The Bonus Army was the popular name of an assemblage of some 43,000 marchers--17,000 World War I veterans, their families, and affiliated groups--who gathered in Washington, D.C., in the spring and summer of 1932 to demand immediate cash-payment redemption of their service certificates. Its organizers called it the Bonus Expeditionary Force to echo the name of World War I's American Expeditionary Force, while the media called it the Bonus March. It was led by Walter W. Waters, a former Army sergeant.
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Many of the war veterans had been out of work since the beginning of the Great Depression. The World War Adjusted Compensation Act of 1924 had awarded them bonuses in the form of certificates they could not redeem until 1945. Each service certificate, issued to a qualified veteran soldier, bore a face value equal to the soldier's promised payment plus compound interest. The principal demand of the Bonus Army was the immediate cash payment of their certificates.
Retired Marine Corps Major General Smedley Butler, one of the most popular military figures of the time, visited their camp to back the effort and encourage them. On July 28, U.S. Attorney General William D. Mitchell ordered the veterans removed from all government property. Washington police met with resistance, shots were fired and two veterans were wounded and later died. Veterans were also shot dead at other locations during the demonstration. President Herbert Hoover then ordered the army to clear the veterans' campsite. Army Chief of Staff General Douglas MacArthur commanded the infantry and cavalry supported by six tanks. The Bonus Army marchers with their wives and children were driven out, and their shelters and belongings burned.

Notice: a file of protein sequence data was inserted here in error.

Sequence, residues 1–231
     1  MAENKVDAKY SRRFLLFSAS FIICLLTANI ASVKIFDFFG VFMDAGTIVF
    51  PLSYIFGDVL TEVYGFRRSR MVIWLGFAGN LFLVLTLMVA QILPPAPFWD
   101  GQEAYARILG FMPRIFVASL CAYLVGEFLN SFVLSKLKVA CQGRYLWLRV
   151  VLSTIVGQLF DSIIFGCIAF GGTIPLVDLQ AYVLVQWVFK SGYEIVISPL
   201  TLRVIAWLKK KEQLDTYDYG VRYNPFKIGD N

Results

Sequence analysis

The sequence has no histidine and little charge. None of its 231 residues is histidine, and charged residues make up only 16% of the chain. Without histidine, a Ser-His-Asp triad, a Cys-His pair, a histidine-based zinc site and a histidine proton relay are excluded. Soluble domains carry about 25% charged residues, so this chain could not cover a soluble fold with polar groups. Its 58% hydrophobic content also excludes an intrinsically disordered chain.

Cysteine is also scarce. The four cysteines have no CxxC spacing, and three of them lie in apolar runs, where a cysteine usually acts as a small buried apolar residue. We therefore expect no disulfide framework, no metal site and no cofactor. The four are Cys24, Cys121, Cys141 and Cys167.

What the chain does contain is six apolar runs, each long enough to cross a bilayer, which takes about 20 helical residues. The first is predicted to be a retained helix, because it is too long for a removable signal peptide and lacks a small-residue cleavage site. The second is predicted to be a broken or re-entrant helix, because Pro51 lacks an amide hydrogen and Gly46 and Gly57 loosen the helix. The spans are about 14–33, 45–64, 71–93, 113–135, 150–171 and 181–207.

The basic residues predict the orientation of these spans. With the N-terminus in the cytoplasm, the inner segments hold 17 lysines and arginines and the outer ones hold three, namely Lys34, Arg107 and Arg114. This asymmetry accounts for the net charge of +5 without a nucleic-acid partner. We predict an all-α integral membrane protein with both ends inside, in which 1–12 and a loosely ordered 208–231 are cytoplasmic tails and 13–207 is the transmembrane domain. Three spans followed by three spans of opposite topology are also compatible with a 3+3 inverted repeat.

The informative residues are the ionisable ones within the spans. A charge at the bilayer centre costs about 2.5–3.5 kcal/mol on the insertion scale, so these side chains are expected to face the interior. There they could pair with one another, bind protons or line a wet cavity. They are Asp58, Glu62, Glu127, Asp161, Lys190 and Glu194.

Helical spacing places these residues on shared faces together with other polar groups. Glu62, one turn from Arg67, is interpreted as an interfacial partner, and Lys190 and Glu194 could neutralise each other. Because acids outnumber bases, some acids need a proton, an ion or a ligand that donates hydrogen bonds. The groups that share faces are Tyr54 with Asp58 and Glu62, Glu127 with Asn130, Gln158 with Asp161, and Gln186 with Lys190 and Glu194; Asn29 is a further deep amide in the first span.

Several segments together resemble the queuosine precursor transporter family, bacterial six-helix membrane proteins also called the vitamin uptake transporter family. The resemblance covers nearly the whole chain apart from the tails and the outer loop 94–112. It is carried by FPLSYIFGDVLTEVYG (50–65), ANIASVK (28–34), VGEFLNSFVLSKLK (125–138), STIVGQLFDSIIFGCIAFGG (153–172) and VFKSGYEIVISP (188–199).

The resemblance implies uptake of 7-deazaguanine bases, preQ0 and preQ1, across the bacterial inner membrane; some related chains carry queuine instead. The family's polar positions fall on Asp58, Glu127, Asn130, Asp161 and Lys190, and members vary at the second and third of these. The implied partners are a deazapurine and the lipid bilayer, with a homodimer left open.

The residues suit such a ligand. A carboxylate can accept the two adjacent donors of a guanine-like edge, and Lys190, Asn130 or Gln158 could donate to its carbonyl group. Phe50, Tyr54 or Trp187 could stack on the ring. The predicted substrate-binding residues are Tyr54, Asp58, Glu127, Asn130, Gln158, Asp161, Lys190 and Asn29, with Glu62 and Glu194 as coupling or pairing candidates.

A second, smaller Bonus March in 1933 at the start of the Roosevelt Administration was defused in May with an offer of jobs for the Civilian Conservation Corps at Fort Hunt, Virginia, which most of the group accepted. Those who chose not to work for the CCC by the May 22 deadline were given transportation home. In 1936, Congress overrode President Franklin D. Roosevelt's veto and paid the veterans their bonus years early.
During the military operation, Major Dwight D. Eisenhower, later President of the United States, served as one of MacArthur's junior aides. Believing it wrong for the Army's highest-ranking officer to lead an action against fellow American war veterans, he strongly advised MacArthur against taking any public role: "I told that dumb son-of-a-b*tch not to go down there," he said later. "I told him it was no place for the Chief of Staff." Despite his misgivings, Eisenhower later wrote the Army's official incident report which endorsed MacArthur's conduct. WIKI
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